Editor’s Note: HDS students have the opportunity to participate in field education, a structured learning experience that combines theory with practice. Students in the MDiv program are required to complete 2 units of field education, however it is optional for MTS students. Due to the pandemic, field education placements were shifted to virtual platforms, as were classes, in the Fall 2020 and Spring 2021. In this post, Julia Reimann MDiv’22, shares her experience thus far completing her field education requirement virtually.
Post by Julia Reimann MDiv’22
As the start of fall semester 2020 approached, my second year Master of Divinity student self was not looking forward to an entire virtual semester. In particular, I was dreading the prospect of completing my first unit of field education digitally. In the first few months of learning at HDS (when we were able to be in-person), I heard many stories from classmates in field education placements about how they were glad to be actively engaged in and practicing the ideas learned and developed in the classroom; abstract learnings were made tangible in their sites. Months later, as an aspiring chaplain, I feared what would be lost in this new virtual version of graduate school & field education made necessary by the insidiousness of the COVID-19 pandemic.
Through a series of surprising twists and turns, I connected with an amazing field education supervisor (mentor) and HDS alum, Jennifer Hollis, a writer and music-thanatologist, who, by chance, had been collaborating with a group of palliative musicians (therapeutic harpists and music-thanatologists) since March of 2020 to figure out a way to offer virtual music sessions to isolated COVID-19 patients. The group, Harps of Comfort, had recently started offering virtual music sessions for patients at Froedtert Hospital in Milwaukee, Wisconsin and Jen foresaw more work in the coming months and an opportunity to involve a field education student.
This student-initiated placement has surprised and delighted me in so many ways. Supporting the work of this group of gifted palliative musicians as they collaborate and fill a vital need for COVID patients has been a joy. It has offered consistent weekly gatherings to plan and talk through the next steps in coalescing into a nonprofit as well as much enjoyed face time and learning about collaborative organizing. This work has provided me time to delve into questions of care & healing, presence & distance, and music & silence that fill my time and to learn from their collective years of experience working in end of life care. My work with Harps of Comfort has involved: co-presenting a research poster on Harps of Comfort at the Medical College of Wisconsin’s Community Engagement Poster Session this past fall, attending the Music Thanatology Association International (MTAI) annual conference, researching fiscal sponsors & becoming fiscally sponsored, creating marketing materials, developing a social media presence, and supporting fundraising efforts.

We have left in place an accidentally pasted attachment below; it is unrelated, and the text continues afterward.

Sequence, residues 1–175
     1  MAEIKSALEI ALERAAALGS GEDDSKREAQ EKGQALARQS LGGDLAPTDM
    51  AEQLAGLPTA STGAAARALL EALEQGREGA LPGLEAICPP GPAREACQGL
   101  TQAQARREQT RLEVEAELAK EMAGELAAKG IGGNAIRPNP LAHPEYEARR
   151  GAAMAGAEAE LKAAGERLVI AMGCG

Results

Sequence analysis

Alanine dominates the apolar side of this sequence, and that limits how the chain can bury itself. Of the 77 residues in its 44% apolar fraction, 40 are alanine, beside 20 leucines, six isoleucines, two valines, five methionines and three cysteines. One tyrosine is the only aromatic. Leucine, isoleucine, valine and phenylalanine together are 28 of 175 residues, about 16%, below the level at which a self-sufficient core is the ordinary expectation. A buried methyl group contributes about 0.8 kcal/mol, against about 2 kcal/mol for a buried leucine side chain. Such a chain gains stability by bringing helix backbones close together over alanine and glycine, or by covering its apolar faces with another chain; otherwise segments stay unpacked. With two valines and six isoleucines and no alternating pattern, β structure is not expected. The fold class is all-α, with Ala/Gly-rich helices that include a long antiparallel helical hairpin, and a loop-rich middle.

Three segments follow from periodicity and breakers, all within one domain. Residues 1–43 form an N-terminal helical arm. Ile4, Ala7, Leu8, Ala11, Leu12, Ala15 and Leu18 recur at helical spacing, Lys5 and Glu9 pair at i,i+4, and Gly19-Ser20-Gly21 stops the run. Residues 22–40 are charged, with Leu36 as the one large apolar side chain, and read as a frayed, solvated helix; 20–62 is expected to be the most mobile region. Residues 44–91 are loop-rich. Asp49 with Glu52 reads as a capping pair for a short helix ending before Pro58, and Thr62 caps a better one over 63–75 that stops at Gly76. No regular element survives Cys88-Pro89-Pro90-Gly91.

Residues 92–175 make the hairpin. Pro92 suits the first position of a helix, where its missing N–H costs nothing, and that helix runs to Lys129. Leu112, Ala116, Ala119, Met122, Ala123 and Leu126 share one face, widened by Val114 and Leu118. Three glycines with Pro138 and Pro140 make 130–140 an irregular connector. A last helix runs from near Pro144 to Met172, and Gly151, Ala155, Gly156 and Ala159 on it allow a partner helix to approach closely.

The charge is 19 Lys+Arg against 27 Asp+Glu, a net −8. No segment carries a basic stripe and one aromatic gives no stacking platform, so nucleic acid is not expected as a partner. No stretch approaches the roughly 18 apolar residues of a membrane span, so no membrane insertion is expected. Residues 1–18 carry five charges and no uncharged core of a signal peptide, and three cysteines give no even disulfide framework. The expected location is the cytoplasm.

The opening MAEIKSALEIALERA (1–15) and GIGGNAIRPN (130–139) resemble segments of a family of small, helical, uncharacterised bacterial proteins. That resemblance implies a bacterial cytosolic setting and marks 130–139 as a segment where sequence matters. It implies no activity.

Because my work with Harps of Comfort shifts each week, field education has also allowed me to dream up and produce a podcast called, Life in the Liminal. This project has offered me wonderful space to further develop my pastoral voice and investigate the intersections of end of life care, spirituality and music. It has also pushed me to think beyond the bounds of my interests in hospital chaplaincy and explore what additional career paths exist. As a musician, this project has allowed me a container to delve into the question of how to integrate music into my future work in a whole new way. I also have developed a number of new skills in learning how to produce a podcast independently: skills of audio and sound editing, creating impactful pauses with effective musical interludes, and more.
One final note of delight: in addition to highlighting the work of end of life care professionals in this liminal moment, Life in the Liminal also features the original music of my HDS band, Divine Intervention, and dear friends: Mary Perez (MDiv ‘22), Kate Hoeting (MTS ‘21), Madeline Levy (MTS ‘21), Margaret Hamm (MTS ‘21), and Carolyn Beard (MDiv ‘22).
In the midst of this ever-present and lingering pandemic, the feeling of joy in making a tangible thing (a podcast) has offered such beauty and learning. To my surprise, learning in the liminal reality of these days and months has been abundant despite the deep disruptions of the pandemic.